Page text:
Recently when not frantically trying to finish Hylozoic, I’ve been working on an email interview with Cris Hollingsworh and Steve Hooley, intended as a contribution for a volume of articles that Cris is editing: The Spaces of Wonderland (University of Iowa Press). My interview topic is my thoughts about Lewis Carroll and his influences on me. I even started rereading the two Alice books, having nothing else on my reading table just now—other than my notes about the maelstrom and beanstalk bridges to infinity in Hylozoic. More on that anon.
Re. the interview, I started thinking back to the mid 1980s when I read Carroll’s book The Game of Logic, and I described some of his ideas in the “Logic” chapter of my nonfiction book Mind Tools . Carroll made up these wonderfully mad syllogisms to illustrate modes of logical reasoning. The syllogisms are almost like haiku, where the restriction is that the three lines must represent a rigorously logical argument about three properties of things. The essence of a syllogism is that if you accept the first two premises, you are obliged to grant the correctness of the third.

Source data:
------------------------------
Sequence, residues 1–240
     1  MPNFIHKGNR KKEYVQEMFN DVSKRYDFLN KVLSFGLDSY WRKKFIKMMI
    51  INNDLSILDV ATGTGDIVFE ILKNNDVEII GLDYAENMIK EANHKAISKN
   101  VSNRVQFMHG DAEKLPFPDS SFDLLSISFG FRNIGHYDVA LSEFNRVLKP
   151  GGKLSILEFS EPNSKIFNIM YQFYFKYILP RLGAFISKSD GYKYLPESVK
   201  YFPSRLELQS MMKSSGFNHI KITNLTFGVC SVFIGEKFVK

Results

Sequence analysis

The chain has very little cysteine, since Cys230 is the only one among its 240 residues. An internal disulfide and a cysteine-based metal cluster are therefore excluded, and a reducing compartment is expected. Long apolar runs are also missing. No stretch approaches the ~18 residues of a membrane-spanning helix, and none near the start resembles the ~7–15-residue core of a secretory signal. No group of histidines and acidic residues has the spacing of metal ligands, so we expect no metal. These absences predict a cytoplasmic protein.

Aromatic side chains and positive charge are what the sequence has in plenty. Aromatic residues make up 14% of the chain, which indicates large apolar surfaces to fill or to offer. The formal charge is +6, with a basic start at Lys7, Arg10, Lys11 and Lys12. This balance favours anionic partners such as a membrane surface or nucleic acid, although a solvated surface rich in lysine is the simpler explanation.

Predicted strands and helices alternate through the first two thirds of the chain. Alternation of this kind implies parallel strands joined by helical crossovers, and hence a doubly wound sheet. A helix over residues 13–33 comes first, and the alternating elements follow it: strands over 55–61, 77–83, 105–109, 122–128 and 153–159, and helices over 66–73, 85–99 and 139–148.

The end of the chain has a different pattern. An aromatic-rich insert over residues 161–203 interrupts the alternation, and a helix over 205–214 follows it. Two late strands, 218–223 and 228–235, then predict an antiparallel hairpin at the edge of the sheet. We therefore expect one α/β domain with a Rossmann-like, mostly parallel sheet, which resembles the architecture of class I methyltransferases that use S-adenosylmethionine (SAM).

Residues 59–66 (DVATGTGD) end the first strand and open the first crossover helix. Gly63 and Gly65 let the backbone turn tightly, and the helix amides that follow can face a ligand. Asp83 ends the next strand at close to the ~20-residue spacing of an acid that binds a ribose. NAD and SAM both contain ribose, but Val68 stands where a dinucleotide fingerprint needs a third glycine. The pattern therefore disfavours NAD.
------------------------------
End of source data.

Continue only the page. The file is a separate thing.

In 1985 I myself wrote a series of transreal Carrollian syllogisms, each illustrating a distinct mode of reasoning, and each of them crafted them to express something about my personal life. (Here’s a link to syllogism info that I found on the fabulously comprehensive Lewis Carroll society page. I’ll quote five of my syllogisms here, taken from pp. 203-204 of Mind Tools, each preceded by a sentence of explanation.
[Most of today's pictures are from Moffet field.]
I was living in Lynchburg, Virginia, the home town of evangelist Jerry Falwell.
No beggar is honest;
All evangelists are beggars.
No evangelist is honest.
I was out of my latest teaching job, even though I was in fact a popular teacher.
No teachers are enthusiastic;
You are enthusiastic.
You are not a teacher.
Ronald Reagan was president.
No president is a moron;
Some illiterates are morons.
Some illiterates are not president.
As always, my books were getting less recognition than I would have liked.
Every good book is readable;
Some classics are not readable.
Some classics are not good books.
As always, I was terminally out of step with mass culture.
Everything he likes is esoteric;
No esoteric things are on TV.
Nothing on TV is what he likes.
Kvetch, kvetch! Resent, resent! Poor me, poor me, pour me a drink!
I’m happier now, these 23 years later, in my golden twilight age.